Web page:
• Emain Macha or Navan Fort

    Emain Macha (said roughly like evan macka) features largely in Irish mythology, though you’ll find it on maps by its English name, Navan Fort. Technically, Navan Fort isn’t a fort. It is instead best described as a ritual complex, about 1.6 miles west of the city of Armagh, in Northern Ireland. The complex sits on a low mound, and is visible quite clearly for some distance. The site was largely abandoned by the first century C.E. The central area is a circular area about 820 feet in diameter, set off by a raised bank and a ditch, with the ditch atypically outside the bank—this suggests that the site was used…

  • The August calendar image from the Da Costa Hours, Morgan Library showing peasants harvesting wheat

    Labors of August

    The typical labor or occupation of the month depicted in books of hours for the labors of August is threshing grain, (most often, wheat, though sometimes the calendar image for the labor of August shows rye or barley in a field). Threshing is the task of beating the stalks of grain to remove the ripe grains from the stalk as well as remove or loosen the husks that protect the individual grains. In some areas, threshing as the August labor may be replaced by reaping, cutting down the stalks of ripe grain, that often takes place in July. The anonymous Middle English lyric regarding the labors of August says “and…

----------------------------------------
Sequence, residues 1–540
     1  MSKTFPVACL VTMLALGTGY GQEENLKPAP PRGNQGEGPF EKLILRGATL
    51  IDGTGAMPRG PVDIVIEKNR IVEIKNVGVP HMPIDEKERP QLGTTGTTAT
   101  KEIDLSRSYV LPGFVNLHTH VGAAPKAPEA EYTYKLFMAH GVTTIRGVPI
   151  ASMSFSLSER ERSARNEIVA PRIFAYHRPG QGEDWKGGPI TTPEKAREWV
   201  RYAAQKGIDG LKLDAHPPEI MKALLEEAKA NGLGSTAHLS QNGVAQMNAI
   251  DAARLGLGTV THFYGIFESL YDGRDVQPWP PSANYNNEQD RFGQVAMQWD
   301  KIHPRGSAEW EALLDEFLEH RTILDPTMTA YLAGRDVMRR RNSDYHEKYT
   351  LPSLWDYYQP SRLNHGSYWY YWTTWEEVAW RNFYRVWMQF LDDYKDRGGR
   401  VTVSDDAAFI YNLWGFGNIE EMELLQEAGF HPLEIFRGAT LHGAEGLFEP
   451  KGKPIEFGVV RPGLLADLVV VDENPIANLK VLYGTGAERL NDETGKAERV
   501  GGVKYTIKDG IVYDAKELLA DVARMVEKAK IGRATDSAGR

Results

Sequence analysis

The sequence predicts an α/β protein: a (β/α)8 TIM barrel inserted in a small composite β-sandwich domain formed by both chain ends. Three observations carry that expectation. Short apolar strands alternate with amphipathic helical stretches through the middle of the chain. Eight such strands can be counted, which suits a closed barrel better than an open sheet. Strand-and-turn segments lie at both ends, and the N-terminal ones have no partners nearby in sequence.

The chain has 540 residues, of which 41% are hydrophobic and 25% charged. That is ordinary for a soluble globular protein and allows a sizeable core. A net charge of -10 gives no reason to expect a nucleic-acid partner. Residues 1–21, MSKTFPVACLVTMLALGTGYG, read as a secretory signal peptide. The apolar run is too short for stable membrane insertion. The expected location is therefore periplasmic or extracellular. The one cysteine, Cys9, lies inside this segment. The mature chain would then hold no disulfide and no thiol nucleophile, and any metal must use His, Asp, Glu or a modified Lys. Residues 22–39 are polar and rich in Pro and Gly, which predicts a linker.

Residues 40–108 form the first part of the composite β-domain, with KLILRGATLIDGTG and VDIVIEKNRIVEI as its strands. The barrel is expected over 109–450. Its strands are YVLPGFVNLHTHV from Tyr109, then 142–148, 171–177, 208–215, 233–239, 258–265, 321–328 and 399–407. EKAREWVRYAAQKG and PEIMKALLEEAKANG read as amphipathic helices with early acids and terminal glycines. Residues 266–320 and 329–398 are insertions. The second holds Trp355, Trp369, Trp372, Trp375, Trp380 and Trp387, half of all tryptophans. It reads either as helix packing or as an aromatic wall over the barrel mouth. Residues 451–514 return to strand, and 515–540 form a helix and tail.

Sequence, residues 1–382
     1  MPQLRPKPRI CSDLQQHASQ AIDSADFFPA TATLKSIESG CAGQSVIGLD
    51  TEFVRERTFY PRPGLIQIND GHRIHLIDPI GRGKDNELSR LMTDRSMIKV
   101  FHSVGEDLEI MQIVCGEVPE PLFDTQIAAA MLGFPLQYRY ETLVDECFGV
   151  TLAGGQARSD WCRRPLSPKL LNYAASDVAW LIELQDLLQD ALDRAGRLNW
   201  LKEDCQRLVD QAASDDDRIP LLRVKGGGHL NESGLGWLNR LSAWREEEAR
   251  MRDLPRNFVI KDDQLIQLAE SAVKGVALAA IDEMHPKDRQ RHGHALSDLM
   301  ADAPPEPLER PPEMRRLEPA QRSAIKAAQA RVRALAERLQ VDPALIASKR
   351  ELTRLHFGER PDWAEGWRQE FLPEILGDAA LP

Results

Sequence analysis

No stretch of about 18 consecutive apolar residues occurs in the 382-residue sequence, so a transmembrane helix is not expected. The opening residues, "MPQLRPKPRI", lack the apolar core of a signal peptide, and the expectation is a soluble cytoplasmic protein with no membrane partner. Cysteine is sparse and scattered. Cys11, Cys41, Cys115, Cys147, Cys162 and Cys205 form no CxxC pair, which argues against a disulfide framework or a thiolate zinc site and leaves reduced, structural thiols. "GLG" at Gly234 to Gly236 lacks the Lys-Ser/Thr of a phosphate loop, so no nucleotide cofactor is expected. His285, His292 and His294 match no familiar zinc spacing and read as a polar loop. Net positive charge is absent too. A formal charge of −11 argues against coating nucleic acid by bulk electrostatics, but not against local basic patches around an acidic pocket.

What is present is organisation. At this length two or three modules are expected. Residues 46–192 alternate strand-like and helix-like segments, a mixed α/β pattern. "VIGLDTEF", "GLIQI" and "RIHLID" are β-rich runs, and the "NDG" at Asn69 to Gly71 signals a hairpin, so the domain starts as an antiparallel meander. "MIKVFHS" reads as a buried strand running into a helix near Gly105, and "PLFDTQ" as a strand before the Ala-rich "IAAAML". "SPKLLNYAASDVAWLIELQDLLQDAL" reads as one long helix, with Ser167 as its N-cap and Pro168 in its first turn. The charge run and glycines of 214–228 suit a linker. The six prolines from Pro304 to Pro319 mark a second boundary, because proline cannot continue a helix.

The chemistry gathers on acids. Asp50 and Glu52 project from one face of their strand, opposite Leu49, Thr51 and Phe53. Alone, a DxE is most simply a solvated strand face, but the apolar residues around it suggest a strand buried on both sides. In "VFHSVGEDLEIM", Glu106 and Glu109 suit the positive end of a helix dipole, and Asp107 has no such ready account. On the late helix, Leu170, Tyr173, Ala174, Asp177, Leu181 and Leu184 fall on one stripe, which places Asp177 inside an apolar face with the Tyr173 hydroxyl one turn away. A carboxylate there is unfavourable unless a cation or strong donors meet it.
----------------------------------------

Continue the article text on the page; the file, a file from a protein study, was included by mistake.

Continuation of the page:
• Gospels of Lindisfarne or The Book of Lindisfarne

    The Lindisfarne Gospels, better known as The Book of Lindisfarne, or British Library Cotton MS Nero D.IV, is an illuminated manuscript of the four Gospels  from the New Testament of the Bible (Matthew, Mark, Luke and John). The manuscript was produced in Lindisfarne Priory on Holy Island (formerly called Lindisfarne Island), off the coast of Northumberland in about 715 C.E. Given the style of the art, and the history of the time, scholars generally favor the creation of the Gospels of Lindisfarne  over the course of five years between 715 and 720. The Lindisfarne Gospels are almost entirely the work of a single artist, Eadfrith, Bishop of Lindisfarne (698–721). This attribution is based…